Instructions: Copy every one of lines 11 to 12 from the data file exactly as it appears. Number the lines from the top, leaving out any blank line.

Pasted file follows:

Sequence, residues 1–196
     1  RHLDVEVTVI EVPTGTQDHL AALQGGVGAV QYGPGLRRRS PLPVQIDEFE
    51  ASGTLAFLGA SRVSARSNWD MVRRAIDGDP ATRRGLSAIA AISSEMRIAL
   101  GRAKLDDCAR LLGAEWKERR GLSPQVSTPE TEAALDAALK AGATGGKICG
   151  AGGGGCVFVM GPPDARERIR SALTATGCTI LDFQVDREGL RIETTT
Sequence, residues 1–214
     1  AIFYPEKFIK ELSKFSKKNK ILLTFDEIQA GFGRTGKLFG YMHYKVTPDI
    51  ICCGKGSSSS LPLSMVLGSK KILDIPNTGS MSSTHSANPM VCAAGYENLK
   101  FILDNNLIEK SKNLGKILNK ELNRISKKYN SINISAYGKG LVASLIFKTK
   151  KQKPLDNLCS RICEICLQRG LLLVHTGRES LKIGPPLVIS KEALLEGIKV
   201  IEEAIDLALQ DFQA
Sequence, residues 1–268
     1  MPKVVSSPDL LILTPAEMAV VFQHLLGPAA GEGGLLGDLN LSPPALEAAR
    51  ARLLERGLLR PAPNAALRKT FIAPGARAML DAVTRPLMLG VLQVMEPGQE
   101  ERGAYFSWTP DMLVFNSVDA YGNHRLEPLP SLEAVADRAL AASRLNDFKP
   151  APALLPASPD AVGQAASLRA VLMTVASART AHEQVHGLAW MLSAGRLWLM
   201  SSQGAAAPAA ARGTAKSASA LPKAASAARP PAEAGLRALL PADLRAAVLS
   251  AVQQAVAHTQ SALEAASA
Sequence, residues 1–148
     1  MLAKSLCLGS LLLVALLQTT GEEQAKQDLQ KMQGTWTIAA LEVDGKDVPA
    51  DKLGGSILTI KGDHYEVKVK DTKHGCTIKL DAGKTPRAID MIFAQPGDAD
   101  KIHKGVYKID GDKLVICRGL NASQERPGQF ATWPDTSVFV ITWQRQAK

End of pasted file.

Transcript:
   201  IEEAIDLALQ DFQA
Sequence, residues 1–268